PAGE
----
The present invention comprises totally environmentally sealed key actuatable capacitive circuit board apparatus and a method for fabricating such apparatus in which the movable plates of an array of variable capacitors are formed on a surface of a flexible dielectric sheet which is sealed within a sandwich comprising spacer means and a further dielectric sheet carrying the fixed capacitor plates. The spacer is of a type which permits the spacing between the capacitor plates to be varied in response to force applied to the flexible dielectric sheet, and may itself comprise a sheet of material having apertures therethrough at the locations of the capacitors, the combination of the dielectric sheets and the spacer forming capacitor chambers. The capacitor chambers may be vented into expansion chamber means to relieve pressure in the capacitor chambers caused by the application of force to the flexible sheet at the locations of the capacitors. Switching hysteresis may be provided by electrically floating capacitor plates between the fixed and movable plates. The floating plates may be formed by a conductive pattern on the surface of the further dielectric sheet opposite the fixed capacitor plates.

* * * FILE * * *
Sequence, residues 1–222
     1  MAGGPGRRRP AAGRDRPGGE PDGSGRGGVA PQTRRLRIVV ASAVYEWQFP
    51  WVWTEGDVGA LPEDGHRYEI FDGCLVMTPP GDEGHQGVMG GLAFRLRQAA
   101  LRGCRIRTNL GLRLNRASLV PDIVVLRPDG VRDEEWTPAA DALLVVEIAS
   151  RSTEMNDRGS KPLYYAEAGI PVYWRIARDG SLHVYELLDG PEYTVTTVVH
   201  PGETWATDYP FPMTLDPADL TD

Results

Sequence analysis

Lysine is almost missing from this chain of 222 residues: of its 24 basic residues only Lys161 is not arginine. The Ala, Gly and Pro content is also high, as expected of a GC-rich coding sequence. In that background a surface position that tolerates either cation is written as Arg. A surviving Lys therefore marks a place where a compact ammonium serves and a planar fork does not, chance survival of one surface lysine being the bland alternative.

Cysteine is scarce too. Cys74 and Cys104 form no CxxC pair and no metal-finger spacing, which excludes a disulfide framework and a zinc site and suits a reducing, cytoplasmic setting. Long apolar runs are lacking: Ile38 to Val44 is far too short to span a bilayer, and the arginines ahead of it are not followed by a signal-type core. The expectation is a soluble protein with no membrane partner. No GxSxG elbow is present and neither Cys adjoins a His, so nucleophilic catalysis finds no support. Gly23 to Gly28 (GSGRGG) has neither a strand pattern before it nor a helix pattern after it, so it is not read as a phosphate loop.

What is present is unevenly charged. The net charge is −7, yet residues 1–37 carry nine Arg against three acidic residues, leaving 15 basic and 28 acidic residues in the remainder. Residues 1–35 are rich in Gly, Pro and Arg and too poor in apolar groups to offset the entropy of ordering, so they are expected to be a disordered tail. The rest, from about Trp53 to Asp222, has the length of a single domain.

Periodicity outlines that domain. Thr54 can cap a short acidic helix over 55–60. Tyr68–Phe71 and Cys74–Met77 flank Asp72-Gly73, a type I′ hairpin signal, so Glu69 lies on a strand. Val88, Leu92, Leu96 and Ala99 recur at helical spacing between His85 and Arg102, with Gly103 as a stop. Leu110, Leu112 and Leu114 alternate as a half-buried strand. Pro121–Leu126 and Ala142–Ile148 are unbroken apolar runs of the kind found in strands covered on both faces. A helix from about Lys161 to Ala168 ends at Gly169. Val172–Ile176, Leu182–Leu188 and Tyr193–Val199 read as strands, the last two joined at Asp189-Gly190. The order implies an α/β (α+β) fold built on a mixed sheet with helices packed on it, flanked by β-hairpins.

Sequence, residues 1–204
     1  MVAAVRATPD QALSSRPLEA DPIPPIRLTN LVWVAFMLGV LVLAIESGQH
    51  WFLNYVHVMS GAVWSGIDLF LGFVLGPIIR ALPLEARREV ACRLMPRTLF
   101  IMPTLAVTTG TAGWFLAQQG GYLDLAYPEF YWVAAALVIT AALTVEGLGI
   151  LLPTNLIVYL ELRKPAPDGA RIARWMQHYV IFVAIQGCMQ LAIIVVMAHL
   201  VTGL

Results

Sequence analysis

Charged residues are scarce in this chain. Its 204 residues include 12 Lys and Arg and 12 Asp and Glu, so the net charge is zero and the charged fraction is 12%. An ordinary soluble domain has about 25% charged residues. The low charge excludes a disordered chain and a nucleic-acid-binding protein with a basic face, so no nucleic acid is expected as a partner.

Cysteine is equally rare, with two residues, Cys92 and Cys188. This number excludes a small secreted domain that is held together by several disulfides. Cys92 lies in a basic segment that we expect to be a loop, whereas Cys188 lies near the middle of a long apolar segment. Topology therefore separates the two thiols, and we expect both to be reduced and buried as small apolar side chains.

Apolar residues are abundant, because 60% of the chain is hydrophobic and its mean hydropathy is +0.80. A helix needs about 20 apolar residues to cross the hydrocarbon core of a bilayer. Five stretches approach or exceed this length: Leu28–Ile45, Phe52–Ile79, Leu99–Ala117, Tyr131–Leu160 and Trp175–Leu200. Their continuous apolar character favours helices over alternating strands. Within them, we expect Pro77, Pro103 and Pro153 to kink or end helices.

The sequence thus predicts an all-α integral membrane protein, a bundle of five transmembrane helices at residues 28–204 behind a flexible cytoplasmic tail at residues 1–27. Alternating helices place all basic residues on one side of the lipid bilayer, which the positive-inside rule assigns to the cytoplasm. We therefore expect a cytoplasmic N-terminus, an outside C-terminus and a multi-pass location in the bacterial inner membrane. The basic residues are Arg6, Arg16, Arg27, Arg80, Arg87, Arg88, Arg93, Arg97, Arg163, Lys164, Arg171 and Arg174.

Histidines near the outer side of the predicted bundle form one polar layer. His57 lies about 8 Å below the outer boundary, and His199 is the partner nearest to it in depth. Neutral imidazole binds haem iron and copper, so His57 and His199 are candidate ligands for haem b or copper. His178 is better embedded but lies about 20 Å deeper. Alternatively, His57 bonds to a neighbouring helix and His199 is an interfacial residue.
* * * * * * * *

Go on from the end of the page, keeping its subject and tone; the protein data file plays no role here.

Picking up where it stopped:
FIG. 1 is a partial exploded view of one embodiment of environmentally sealed key actuatable capacitively coupled circuit board apparatus in accordance with the applicants' invention.
FIG. 2 is an enlarged partial cross-sectional view of the circuit board apparatus of FIG. 1.
FIG. 3 is a cross-sectional schematic representation of circuit board apparatus in accordance with the applicants' invention illustrating the capacitive coupling features and drive and sense means connected thereto.